Factors to Consider When
Choosing an Acoustic Guitar for A Child
Choosing an acoustic guitar for a child is a bit different from choosing a guitar for an adult. Your major consideration is the size – the guitar you choose should be of a length, width and thickness that the child would find comfortable and easy to play.
A pre-teen, for example, may find a mini size guitar too small and a full-size dreadnought too big. In this case, it would be good to look for a guitar that’s just a bit smaller than a full-size acoustic, like the Big Baby Taylor model. Let’s take a closer look at size considerations and other factors you need to think about when choosing an acoustic guitar for a young player.
The best way to find the right fit size-wise is to try different guitars out in person. If this isn’t possible – say, if you’re ordering online and want it to be a surprise – then you need to consider the age or height of the child and the overall length of the guitar.
- 77 cm x 27 cm (30 inches, 1/4 size) – the smallest acoustic guitars would be a good fit for children ages 4 to 6, or whose height is at 3 feet 4 inches to 3 feet 11 inches.
- 86 cm x 30 cm (34 inches, 1/2 size) – these models are suitable for kids 6 to 9 years old, or whose height measures 3 feet 11 inches to 4 feet 4 inches.
- 92 cm x 34 cm (36 inches, 3/4 size) – these guitar models would be good for children 9 to 12 years of age, or those who stand 4 feet 4 inches to 5 feet tall.
- 100 cm x 38 cm (40-41 inches, full size) – these guitars would be comfortable for children age 12 or older who are taller than 5 feet.
If the child you are choosing a guitar for is small to average for his or her age, it’s best to stay within the age group as listed above. If the child is above average in terms of height, consider moving to the next guitar size. For example, a tall 11-year-old would do well with a full-size guitar. A custom built guitar for a child is also an option.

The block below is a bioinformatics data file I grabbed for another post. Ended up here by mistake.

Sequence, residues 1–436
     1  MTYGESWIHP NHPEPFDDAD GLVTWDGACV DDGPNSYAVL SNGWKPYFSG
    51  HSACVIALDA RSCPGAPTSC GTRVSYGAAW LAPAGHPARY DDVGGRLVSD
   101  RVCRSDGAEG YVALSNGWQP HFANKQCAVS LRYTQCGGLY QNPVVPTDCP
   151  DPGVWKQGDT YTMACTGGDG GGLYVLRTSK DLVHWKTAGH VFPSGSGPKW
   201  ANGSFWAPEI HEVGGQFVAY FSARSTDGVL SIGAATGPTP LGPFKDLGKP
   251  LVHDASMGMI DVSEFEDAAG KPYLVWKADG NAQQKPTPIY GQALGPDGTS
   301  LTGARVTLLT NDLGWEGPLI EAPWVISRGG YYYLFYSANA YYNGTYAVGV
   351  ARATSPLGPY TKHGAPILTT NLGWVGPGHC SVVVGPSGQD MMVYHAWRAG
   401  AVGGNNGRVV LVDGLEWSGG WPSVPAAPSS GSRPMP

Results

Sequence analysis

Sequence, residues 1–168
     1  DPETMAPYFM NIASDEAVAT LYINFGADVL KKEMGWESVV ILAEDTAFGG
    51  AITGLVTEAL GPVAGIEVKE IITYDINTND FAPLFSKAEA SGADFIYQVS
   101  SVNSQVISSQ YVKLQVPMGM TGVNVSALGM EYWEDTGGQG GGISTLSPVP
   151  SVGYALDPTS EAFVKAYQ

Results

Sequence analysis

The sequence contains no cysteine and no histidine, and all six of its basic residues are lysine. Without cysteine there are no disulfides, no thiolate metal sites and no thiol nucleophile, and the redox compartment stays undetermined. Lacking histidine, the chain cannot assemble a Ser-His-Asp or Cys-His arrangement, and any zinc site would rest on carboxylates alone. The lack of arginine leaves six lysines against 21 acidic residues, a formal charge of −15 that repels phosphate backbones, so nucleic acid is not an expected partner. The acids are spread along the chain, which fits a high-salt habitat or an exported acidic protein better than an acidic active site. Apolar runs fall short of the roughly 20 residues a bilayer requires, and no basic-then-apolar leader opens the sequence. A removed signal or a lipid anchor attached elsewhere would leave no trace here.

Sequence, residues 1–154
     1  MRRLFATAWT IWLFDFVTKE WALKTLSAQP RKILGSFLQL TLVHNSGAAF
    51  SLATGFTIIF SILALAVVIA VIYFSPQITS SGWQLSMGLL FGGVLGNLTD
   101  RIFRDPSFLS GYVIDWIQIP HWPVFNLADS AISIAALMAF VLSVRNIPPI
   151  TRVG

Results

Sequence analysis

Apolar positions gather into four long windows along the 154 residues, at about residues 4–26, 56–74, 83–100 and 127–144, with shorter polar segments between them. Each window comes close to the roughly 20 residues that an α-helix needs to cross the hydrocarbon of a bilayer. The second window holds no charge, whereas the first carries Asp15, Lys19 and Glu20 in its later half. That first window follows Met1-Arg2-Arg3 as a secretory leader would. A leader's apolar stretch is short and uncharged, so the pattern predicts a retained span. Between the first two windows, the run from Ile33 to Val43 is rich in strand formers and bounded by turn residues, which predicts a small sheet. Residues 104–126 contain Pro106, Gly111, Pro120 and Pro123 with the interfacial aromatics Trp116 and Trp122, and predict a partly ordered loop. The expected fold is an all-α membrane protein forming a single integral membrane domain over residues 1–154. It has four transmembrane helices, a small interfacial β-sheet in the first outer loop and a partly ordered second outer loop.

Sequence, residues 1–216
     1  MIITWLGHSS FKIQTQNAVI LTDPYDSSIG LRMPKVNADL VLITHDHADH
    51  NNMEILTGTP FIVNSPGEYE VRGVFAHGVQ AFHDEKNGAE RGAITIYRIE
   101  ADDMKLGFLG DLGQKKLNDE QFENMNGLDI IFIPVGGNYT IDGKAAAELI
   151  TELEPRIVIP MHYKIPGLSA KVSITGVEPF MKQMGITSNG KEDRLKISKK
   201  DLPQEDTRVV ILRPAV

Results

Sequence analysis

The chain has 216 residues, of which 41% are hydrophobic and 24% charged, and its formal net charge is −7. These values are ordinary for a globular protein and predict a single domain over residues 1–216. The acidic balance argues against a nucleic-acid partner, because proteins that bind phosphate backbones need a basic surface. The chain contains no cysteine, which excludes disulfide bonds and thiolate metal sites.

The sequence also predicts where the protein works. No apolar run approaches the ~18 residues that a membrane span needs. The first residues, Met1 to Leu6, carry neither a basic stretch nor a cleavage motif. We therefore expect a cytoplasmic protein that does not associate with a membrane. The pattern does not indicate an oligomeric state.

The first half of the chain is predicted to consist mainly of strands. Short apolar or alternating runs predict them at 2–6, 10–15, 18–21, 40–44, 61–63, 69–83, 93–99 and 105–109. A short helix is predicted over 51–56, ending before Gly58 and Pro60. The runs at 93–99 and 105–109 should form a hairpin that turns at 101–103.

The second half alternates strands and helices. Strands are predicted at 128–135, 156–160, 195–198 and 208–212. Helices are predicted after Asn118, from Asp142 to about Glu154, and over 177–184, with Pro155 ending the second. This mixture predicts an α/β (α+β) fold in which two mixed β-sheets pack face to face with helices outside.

You may also find a guitar for a child has a length and width that sit somewhere between two sizes (a 7/8 guitar measures 39 inches in length). If you’re having a hard time choosing between smaller or bigger, for kids it’s always a good idea to go for the larger size because well, kids grow up really fast!
Guitar strings come in different gauges from light to heavy. On a guitar for a child, it’s advisable to use medium-gauge strings first, as heavy-gauge strings can be too much and ultra light-gauge ones might cut into young fingertips. You can always change the strings on the guitar depending on what the child finds comfortable.
Action refers to the distance between the strings and the fingerboard. If the action is high, a child may have a hard time pressing the strings all the way down to the fret board. You need to choose a guitar with a low action that doesn’t compromise tonal quality. The action can be adjusted in most guitars to enhance playing comfort.
Those are the top 3 things to consider when looking for an acoustic guitar for a child. Have you found some good candidates yet?
This is a Guest Posting by:
Haywire Blog Guest writer